We often don’t realize how much we communicate through touch in our daily lives (or used to before the coronavirus disease pandemic). M. J. Herenstein et al. published a study in 2009 stating that people have the ability to convey different emotions merely by touching each other. Research subjects aged 18 to 36 years have demonstrated an ability to effectively communicate different emotions and feelings — anger, fear, disgust, love, gratitude, and sympathy — solely through touch, without those receiving touch seeing it happen. Recipients could decode the emotion transmitted via touch with accuracy as high as 78%. Moreover, subjects were also able to identify different emotions simply by observing people touching one another. Touch seems to be an even more effective way of conveying emotions than facial expressions or tone of voice. Many of us know from experience that pleasant touch strengthens relationships and promotes positive interactions between people, while unpleasant touch repels, alarms us, encourages us to fight, flight or freeze. Thus the importance of touch for us as social beings is undeniable.
Due to biological and psychological responsiveness to touch in humans, it’s therapeutic effects have long been recognized. Attuned, affective touch can reduce pain in patients, help to relieve tension, correct or alleviate various disorders, etc. In bodywork and movement therapy, we see the body and psyche as integral parts of a person, constantly interacting with each other. Back in the day, in his work "Physiognomonica" Aristotle wrote that a change in the psyche causes a change in the structure of the body, and conversely - a change in the structure of the body creates a change in the state of the psyche. Hence, when we touch the body, we inevitably touch the psyche as well. According to the psychotherapist and author of the books on body-mind healing C. W. Ford,, touch creates new patterns in the brain that enable us to create new images of ourselves. When we act on those images of our whole, integral self that we have created by experiencing therapeutic touch, we embody the healing process.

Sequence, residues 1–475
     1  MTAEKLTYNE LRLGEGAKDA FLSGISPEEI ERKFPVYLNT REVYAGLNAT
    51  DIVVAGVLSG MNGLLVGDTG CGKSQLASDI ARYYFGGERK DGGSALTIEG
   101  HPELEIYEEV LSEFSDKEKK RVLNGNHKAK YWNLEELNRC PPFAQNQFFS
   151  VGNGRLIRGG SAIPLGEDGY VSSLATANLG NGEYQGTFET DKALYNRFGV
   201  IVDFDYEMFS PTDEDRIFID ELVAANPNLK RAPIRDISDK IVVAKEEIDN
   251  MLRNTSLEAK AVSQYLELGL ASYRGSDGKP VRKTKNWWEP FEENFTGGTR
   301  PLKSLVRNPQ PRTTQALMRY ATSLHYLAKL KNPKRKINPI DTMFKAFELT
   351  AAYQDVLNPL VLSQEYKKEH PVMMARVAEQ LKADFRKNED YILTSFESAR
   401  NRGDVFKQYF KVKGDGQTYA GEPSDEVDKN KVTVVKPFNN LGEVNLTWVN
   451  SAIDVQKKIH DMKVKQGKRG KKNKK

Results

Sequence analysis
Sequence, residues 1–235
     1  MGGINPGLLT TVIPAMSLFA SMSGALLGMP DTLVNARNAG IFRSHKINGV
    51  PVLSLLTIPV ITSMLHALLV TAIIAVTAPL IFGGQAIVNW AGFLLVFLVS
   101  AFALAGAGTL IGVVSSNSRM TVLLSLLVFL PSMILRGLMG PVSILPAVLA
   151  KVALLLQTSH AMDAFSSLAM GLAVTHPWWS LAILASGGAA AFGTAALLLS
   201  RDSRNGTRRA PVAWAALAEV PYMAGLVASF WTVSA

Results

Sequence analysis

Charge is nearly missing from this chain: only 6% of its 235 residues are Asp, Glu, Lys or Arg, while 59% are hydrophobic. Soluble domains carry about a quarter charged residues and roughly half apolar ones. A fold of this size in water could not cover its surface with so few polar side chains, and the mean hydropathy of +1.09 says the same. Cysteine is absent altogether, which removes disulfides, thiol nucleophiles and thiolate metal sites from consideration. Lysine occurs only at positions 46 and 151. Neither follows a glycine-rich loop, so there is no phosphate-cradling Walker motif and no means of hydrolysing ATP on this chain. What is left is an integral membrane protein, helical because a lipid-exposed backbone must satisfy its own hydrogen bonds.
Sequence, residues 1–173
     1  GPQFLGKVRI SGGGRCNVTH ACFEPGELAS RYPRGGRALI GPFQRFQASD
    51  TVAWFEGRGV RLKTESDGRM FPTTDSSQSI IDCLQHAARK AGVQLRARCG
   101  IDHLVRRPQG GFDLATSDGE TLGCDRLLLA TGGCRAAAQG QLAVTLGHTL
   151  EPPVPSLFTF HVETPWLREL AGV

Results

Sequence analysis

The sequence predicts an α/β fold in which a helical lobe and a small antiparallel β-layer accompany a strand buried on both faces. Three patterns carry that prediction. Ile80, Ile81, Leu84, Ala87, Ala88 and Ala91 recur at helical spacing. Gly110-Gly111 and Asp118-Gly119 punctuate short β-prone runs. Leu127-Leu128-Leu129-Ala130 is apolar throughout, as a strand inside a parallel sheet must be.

In the Integrative Bodywork and Movement Therapy, touch is one of the working methods we apply to establish contact with the body, read the signals it sends, hear it’s stories, and communicate with body systems. Through touch, a respectful, secure, supportive connection is created, which can awaken deep self-healing processes in the client, reveal that what is invisible, hidden but wants to be seen. Through touch and support, gently guiding particular movements, somatic therapy can facilitate re-patterning in both movement and body-mind, enabling us to find the most optimal and harmonious ways for us to be present in this world.
Jurga Bliss is located in Southern Portugal, she facilitates somatic therapy sessions for adults online in English and Lithuanian, as well as face to face sessions in the Algarve. She specializes in working with clients experiencing psychosomatic symptoms; autoimmune processes; issues with attachment, boundaries and other relationship challenges (in the family, partnerships, including LGBTQI + and non-normative forms of relationships); people interested in working with internal family (subpersonalities); sexuality issues; those facing difficulties of living abroad and in a multicultural environment, etc. Read more about Jurga here.